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Pressure Ulcers - Causes, Signs, Risk Factors, Prevention, and Treatment

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Pressure ulcers are injuries that affect the skin and underlying tissues when prolonged pressure is applied to the skin. Read on to know more.

Medically reviewed by

Dr. Kaushal Bhavsar

Published At February 8, 2023
Reviewed AtJuly 14, 2023

Introduction

Pressure ulcers are a type of damage or injury that breaks the skin and underlying tissue when the skin is kept under constant pressure for a prolonged period, leading to the cessation of nutrient and oxygen supply. In the absence of enough blood to replenish nourishment of the skin, the skin may die and form ulcers. Pressure ulcer tends to form in the region where the skin covers the bony areas with less tissue under the skin. Common sites where the pressure ulcer develops are the elbow, buttocks, heels, hips, ankles, back, and shoulder. There are several stages of pressure ulcers depending upon the severity. Prevention of pressure ulcers is very important to prevent their severity.

What Are Pressure Ulcers?

Pressure ulcers are also known as bedsores. They are injuries to the skin and other underlying tissue that results from prolonged pressure on the skin. Bedsores often develop on the skin that covers bony areas of the body, such as ankles, hips, tailbone, and heels. People are often at risk of developing pressure ulcers with certain medical names. Pressure ulcers can develop over hours or days. Most ulcers heal with treatment.

What Are Common Sites of Pressure Ulcers?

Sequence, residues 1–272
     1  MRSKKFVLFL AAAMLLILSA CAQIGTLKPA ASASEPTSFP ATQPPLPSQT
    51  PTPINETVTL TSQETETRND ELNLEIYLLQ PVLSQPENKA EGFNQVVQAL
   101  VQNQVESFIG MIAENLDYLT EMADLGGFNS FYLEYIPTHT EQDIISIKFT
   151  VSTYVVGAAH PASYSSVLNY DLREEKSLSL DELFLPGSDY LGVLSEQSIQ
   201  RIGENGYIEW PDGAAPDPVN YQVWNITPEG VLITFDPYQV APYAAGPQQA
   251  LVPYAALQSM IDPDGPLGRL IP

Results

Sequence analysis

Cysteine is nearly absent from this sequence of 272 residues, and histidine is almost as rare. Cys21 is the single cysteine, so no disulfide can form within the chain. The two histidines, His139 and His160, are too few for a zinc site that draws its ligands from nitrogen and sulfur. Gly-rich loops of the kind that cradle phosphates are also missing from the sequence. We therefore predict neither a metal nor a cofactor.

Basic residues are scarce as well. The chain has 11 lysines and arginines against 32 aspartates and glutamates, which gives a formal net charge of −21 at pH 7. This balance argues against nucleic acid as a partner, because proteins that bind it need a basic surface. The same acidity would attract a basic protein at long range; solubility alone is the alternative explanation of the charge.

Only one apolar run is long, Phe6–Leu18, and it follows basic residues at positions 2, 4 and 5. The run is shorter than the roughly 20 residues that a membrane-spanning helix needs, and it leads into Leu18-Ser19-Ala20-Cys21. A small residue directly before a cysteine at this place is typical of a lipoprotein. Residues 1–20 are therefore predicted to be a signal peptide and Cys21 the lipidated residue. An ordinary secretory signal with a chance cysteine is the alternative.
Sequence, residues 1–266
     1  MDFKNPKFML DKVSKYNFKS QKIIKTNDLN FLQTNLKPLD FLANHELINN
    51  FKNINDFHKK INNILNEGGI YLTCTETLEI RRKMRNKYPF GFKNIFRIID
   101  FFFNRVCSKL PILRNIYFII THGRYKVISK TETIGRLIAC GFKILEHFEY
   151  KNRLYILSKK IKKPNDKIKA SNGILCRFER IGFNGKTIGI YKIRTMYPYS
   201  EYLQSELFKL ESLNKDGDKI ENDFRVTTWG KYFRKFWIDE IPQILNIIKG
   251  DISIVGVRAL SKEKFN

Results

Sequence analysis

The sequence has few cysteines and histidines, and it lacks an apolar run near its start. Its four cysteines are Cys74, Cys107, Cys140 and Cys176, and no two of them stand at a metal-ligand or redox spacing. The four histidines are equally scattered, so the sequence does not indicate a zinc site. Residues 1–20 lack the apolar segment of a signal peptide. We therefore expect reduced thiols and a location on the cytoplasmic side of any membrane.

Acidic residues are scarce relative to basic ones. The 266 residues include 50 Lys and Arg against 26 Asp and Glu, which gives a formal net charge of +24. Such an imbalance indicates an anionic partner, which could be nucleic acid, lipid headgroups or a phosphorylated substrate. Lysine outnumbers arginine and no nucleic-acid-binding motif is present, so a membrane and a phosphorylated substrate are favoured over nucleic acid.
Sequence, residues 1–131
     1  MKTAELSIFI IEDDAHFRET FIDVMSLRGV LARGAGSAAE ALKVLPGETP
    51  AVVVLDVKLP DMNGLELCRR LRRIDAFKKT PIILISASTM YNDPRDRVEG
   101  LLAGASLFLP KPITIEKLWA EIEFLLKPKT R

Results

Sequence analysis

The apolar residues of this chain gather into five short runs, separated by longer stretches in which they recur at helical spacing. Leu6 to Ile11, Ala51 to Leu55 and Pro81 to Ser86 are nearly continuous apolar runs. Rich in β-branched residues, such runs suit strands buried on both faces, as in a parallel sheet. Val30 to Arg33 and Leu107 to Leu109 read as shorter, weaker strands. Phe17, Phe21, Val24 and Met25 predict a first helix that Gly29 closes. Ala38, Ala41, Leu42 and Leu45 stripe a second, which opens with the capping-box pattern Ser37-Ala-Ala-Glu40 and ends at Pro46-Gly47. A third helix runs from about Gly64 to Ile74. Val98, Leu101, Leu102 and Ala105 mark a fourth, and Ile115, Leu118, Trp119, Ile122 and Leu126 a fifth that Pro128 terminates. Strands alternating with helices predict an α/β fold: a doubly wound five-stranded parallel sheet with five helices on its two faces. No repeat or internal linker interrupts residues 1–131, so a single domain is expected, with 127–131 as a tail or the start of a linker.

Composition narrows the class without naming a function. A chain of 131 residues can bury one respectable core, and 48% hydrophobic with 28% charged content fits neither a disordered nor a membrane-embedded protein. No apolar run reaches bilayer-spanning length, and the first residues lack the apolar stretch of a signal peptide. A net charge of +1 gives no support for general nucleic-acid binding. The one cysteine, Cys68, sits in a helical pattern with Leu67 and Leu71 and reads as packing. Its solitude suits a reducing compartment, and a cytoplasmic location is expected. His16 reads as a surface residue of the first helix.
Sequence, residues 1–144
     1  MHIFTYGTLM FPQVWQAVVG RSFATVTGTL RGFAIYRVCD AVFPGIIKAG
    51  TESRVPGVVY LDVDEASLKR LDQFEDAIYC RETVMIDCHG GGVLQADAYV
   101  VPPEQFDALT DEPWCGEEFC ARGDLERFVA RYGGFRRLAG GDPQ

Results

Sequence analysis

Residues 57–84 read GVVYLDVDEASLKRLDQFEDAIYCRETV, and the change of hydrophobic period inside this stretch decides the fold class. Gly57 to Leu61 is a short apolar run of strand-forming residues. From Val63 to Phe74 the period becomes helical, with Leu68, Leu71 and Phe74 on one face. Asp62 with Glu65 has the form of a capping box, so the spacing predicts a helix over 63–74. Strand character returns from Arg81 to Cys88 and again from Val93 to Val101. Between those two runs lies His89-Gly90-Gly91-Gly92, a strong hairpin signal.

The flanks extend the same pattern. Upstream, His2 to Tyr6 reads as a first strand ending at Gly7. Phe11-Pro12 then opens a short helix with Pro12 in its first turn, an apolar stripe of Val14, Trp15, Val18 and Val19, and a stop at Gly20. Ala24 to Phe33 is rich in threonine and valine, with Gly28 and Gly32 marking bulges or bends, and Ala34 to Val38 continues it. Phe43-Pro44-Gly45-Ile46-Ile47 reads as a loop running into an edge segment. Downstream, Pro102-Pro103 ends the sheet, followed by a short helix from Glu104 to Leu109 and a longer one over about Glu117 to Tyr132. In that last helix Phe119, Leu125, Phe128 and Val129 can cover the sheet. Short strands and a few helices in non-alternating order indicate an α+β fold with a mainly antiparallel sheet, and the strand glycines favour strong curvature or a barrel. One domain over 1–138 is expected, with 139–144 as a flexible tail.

The common sites of pressure ulcers:

  • Buttocks or tailbone.

  • Shoulder spine or blades.

  • Back of legs or arms where they rest against the chair.

  • The shoulder blade.

  • The lower back, hip, or tailbone.

  • The ankles, heels, and skin behind the knees.

What Are the Causes of Pressure Ulcers?

Pressure ulcers are caused due to excessive pressure experienced against the skin that limits the blood flow to the skin. Limited movement makes the skin vulnerable to damage and develops pressure ulcers. The contributing factors of pressure ulcers are:

  • Pressure: Constant pressure on body parts can reduce the blood flow to the tissues. Blood flow is important for delivering oxygen and nutrients to the tissue. Without these essential skin and nutrients are damaged and can eventually die.

  • Friction: Friction occurs as the skin rubs against the bedding or clothing. It can make the skin fragile and vulnerable to injury, especially if it is moist.

  • Shear: Shear occurs when two surfaces are in the opposite direction. For example, when a bed is elevated at the head.

What Are the Symptoms of Pressure Ulcers?

The symptoms of pressure ulcers are as follows:

  • Swelling.

  • Unusual changes in texture or skin color.

  • Pus-like draining.

  • Tender areas.

  • An area of skin that feels warmer or cooler to the touch than other areas.

  • Presence of broken skin.

What Are the Stages of Pressure Ulcers?

The stages of pressure ulcers are as follows:

  • Stage 1: A painful, reddened area present on the skin that does not turn white when pressed. It is a sign of pressure ulcer development. The skin may be cool or warm, soft or firm.

  • Stage 2: The skin blisters form an open sore. The area around the sore may be irritated and red.

  • Stage 3: In this stage, the skin develops into a sunken open hole called an ulcer or crater.

  • Stage 4: The pressure ulcer becomes too deep, which results in damage to bone and muscles and sometimes to joints and tendons.

What Are the Risk Factors for Pressure Ulcers?